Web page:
As you are no doubt aware, the result of yesterday’s US presidential election is not yet known. With 43 states having declared their results, the race is much tighter than the polls predicted and neither Donald Trump nor Joe Biden have enough votes from the electoral college to claim a victory. To do so, they need to gain at least 270 of the electoral college’s 538 available votes. At the time of writing, Trump has 213 votes and Biden has 238 – 87 are yet to be declared.
We will have to wait a little longer to find out who will be calling the White House home for the next four years. Of the seven states yet to declare results, the spotlight will initially fall on Michigan and Wisconsin. Considered key swing states, both are expected to confirm their results in the next day or so. After that, attention will likely turn to Georgia. Victories in these three states would be enough to see Biden secure the presidency. However, if the votes are split, all eyes will be on Pennsylvania, which is unlikely to declare its results until Friday at the earliest.
Trump won each of these key states in 2016 – three of them by less than 1% of the vote. However, heading into the election, Biden led the polls in all four states, but not by very much, and as this election has once again made clear, pre-election polling can be extremely unreliable. Nonetheless, at this stage, the path to the White House looks fractionally wider for Biden than it does for Trump.
While Democrats appear to have retained control of the House of Representatives and can remain hopeful of securing the presidency, their prospects of seizing the Senate look slim. Prior to the election, investors had anticipated that a Democratic clean sweep would clear the path for a $2 trillion infrastructure-focused spending spree. However, under the combative leadership of Mitch McConnel, a Republican Senate is very unlikely to give the green light to government spending at anything like this level. Given the challenges facing the US economy as it continues to struggle against the ravages of the Covid-19 pandemic, the risk is that partisan hostility will prevent the government from providing large, timely and targeted stimulus measures as and when required. Though the election remains undecided, the economic outlook for the US has arguably weakened somewhat.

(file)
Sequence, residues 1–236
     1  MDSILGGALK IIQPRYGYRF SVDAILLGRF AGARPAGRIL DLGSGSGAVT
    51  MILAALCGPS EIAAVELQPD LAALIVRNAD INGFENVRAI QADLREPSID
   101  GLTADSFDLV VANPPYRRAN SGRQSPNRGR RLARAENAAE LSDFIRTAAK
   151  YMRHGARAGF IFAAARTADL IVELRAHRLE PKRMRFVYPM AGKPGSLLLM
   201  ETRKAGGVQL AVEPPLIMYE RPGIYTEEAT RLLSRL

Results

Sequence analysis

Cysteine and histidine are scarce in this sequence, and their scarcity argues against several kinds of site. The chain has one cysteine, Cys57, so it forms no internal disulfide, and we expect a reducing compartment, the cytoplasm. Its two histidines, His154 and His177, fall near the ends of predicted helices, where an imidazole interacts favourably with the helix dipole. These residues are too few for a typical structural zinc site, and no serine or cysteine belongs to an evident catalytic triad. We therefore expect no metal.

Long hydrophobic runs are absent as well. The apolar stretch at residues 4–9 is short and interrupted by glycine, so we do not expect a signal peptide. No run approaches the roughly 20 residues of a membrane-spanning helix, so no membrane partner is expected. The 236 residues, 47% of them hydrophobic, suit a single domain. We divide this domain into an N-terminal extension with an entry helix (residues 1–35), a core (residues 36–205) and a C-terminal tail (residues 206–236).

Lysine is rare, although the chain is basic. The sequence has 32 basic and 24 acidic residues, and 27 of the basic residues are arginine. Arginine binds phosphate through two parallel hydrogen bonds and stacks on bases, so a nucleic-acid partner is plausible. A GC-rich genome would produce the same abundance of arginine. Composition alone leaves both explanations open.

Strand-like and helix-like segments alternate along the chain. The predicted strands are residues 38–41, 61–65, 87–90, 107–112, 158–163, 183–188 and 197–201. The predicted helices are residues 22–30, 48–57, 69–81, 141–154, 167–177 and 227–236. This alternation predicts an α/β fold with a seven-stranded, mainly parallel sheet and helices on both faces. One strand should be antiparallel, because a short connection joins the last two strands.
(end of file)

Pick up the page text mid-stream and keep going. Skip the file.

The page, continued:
The reaction in financial markets so far today has broadly reflected this assessment. Without large scale government spending, it will be once again be left largely to the Federal Reserve (the US central bank) to provide stimulus through low interest rates and asset purchases (also known as “quantitative easing”). Bond yields have dropped (prices have risen) – typically a sign of waning economic optimism. Meanwhile, having initially fallen as investors recognised the uncertainty of the election result, stock market indices have since bounced and are now showing gains for the day. However, these gains have not been equally distributed: stocks that benefit from low interest rates (including large technology companies) have done best, while those more sensitive to the economic outlook (including banks and commodities) have fared worst.
We will endeavour to keep you up to date as the results filter in from the remaining seven states. In the meantime, we suspect investors may have to endure a degree of turbulence as markets deal with the uncertainty of the electoral outcome. As ever, we would encourage you not to panic – whatever your political affiliations – and to remain focused on the long-term prospects for your portfolio which are shaped by many more factors than the identity of the US President.